Jupiter’s Great Red Spot Goes Far Deeper Than We Thought

The Great Red Spot is the solar system’s greatest atmospheric vortex. For at least two millennia, a storm the size of our whole planet has been whirling through the Jovian atmosphere. Scientists have now determined how deep it penetrates. Researchers have utilized the equipment aboard NASA’s Juno spacecraft to further investigate Jupiter’s vortices and have revealed precisely how deep they are churning its atmosphere in two papers published in Science.

They are also deeper than predicted, with the Great Red Spot reaching a depth of 500 kilometers (310 miles) in the case of the Great Red Spot, a new world record for a storm with a diameter of 16,000 kilometers (almost 10,000 miles).

Dr. Scott Bolton and colleagues utilized microwave measurements in one of the studies to investigate the movements of the planet’s massive storms. The researchers north, researched the Great Red Spot and two smaller storms, one at 19 degrees north and the other at 33 degrees. They monitored the emission of different layers of the atmosphere up to a depth of 600 kilometers using the Microwave Radiometer (372 miles).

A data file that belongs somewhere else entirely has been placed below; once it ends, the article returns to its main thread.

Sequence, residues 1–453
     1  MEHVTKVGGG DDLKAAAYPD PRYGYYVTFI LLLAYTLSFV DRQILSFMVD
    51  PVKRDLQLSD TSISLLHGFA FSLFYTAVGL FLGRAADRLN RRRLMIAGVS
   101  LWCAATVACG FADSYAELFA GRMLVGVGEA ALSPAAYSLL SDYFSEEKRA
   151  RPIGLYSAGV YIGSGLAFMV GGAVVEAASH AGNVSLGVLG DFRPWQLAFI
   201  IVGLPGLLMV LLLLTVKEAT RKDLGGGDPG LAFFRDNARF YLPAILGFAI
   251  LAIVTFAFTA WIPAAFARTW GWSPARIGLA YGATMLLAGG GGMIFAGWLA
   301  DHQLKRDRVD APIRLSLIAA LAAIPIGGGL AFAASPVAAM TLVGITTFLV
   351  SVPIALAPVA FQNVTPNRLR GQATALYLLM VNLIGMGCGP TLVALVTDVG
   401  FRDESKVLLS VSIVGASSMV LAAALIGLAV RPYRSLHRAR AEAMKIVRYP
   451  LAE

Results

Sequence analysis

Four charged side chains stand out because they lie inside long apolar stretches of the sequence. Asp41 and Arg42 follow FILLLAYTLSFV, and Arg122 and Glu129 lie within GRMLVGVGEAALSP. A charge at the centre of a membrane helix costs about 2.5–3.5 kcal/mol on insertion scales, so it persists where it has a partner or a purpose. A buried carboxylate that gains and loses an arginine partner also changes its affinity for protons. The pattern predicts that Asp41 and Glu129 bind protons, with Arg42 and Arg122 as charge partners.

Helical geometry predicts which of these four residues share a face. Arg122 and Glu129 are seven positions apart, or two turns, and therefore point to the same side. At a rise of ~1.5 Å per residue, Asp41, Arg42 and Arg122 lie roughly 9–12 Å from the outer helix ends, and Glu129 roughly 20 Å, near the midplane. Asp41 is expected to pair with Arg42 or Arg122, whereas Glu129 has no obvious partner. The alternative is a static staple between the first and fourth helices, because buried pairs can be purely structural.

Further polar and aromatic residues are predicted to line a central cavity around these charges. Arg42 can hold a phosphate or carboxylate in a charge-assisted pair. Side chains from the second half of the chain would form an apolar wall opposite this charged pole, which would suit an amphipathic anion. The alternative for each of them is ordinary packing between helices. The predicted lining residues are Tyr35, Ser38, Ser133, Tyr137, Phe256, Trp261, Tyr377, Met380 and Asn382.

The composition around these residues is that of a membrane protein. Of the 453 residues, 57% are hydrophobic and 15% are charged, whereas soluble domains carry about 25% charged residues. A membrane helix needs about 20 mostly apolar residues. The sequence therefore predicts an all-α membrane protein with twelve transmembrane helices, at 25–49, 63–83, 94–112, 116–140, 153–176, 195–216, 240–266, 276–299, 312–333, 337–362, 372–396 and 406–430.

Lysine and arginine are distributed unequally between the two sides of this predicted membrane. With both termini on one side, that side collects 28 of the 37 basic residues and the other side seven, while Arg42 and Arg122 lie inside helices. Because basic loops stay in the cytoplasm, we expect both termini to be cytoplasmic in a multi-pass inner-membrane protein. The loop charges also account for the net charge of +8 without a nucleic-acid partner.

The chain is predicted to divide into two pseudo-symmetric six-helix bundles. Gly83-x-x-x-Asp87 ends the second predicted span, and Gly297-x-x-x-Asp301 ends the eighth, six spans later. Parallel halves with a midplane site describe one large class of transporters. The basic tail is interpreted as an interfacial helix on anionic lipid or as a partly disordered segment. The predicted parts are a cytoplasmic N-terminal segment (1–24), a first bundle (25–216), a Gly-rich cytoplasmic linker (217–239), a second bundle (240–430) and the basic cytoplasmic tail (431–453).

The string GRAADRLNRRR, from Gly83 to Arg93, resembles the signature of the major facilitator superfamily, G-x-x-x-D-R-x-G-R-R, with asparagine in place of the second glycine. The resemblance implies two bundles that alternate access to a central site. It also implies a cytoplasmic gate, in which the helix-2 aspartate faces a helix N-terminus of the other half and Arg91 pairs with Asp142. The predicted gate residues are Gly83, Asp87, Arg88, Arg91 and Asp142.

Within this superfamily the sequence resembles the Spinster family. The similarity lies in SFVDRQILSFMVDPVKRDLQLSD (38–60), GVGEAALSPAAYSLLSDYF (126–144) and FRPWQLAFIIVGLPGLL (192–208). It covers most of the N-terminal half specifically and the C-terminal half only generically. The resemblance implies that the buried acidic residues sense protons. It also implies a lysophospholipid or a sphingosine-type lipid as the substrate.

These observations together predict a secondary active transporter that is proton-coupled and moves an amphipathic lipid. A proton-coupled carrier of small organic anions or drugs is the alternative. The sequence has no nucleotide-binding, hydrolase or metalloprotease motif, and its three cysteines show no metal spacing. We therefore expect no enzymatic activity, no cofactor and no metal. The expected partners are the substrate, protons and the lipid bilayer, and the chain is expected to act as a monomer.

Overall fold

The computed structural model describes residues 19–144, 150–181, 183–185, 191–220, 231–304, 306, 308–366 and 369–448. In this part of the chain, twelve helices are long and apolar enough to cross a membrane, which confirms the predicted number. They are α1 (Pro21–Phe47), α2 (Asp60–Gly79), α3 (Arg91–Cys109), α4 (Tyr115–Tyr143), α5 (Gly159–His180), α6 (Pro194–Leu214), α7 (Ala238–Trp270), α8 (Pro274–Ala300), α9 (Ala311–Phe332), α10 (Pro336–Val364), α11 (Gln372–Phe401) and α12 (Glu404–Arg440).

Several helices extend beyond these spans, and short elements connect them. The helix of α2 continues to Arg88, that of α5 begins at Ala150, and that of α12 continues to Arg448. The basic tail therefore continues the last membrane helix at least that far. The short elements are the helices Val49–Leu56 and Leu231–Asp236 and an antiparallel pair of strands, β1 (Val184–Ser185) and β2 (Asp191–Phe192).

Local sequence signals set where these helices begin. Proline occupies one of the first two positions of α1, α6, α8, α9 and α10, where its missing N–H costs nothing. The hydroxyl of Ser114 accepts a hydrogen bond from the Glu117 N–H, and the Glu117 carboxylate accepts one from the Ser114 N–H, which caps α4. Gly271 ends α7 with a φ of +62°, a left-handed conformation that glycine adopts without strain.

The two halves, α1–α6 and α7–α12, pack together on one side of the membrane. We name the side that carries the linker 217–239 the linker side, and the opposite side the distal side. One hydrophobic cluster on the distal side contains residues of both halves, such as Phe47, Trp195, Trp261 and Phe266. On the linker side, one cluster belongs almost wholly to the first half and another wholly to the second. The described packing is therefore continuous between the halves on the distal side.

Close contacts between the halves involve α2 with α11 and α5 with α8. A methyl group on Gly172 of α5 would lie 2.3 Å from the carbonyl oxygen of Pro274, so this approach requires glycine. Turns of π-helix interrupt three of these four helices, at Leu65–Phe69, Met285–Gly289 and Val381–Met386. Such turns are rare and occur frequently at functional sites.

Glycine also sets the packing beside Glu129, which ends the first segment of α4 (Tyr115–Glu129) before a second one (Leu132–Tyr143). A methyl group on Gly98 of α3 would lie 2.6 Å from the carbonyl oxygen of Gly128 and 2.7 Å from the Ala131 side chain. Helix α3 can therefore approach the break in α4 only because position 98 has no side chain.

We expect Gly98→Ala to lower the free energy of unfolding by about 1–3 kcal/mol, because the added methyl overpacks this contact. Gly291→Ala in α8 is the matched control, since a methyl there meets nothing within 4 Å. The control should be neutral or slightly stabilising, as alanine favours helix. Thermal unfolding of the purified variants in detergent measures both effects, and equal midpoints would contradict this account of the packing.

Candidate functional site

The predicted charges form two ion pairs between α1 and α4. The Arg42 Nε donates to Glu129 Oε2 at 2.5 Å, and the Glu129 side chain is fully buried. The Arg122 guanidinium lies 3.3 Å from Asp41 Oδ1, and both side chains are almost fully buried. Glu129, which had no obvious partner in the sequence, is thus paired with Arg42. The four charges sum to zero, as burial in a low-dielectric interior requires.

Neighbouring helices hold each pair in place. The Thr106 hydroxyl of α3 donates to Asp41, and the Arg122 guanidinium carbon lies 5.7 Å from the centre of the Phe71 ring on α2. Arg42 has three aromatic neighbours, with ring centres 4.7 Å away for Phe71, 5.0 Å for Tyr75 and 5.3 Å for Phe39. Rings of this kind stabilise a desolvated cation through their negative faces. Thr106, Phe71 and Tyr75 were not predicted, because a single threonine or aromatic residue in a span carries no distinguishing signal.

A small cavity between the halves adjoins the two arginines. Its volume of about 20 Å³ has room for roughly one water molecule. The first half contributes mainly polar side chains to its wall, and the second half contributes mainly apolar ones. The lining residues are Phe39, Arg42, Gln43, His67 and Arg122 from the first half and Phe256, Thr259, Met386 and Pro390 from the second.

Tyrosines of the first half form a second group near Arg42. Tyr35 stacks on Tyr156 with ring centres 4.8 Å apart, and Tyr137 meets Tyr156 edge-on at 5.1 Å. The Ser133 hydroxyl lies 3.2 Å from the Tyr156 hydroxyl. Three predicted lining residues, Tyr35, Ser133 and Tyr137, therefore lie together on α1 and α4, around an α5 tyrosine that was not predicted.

Jupiter’s Great Red Spot Goes Far Deeper Than We Thought

Anticyclones – places of high atmospheric pressure – are the Great Red Spot and the vortex at 19 degrees north. The scientists discovered characteristics in these vortices that are compatible with the theoretical model, but they also discovered that the storm’s midplane is about the height where water and ammonia condenses, which is also where the clouds’ bottom is. The Great Red Spot, on the other hand, is far deeper than the other two, spreading tens of kilometers beneath the surface.

This study shows that mechanisms are at work that allows water and ammonia to precipitate below cloud levels. The second publication, written by Dr. Marzia Parisi and colleagues, provided even more insight into the deeper levels. The motion of the spacecraft was used to investigate this. Gravitational anomalies caused by localized densities changed the velocity of Juno’s orbit around the planet when it traveled above the Great Red Spot. These readings may be used to calculate the depth of the atmospheric structure, and the researchers discovered that two different methodologies provide the same answer for the storm’s depth, which is less than 500 kilometers (311 miles).

Even more intriguing, while the Great Red Spot’s roots are six times deeper than projected, the surrounding air jets are just half as deep. These jets power the Great Red Spot, therefore the depth difference adds to the enigma of how the Jovian atmosphere can generate such amazing storms.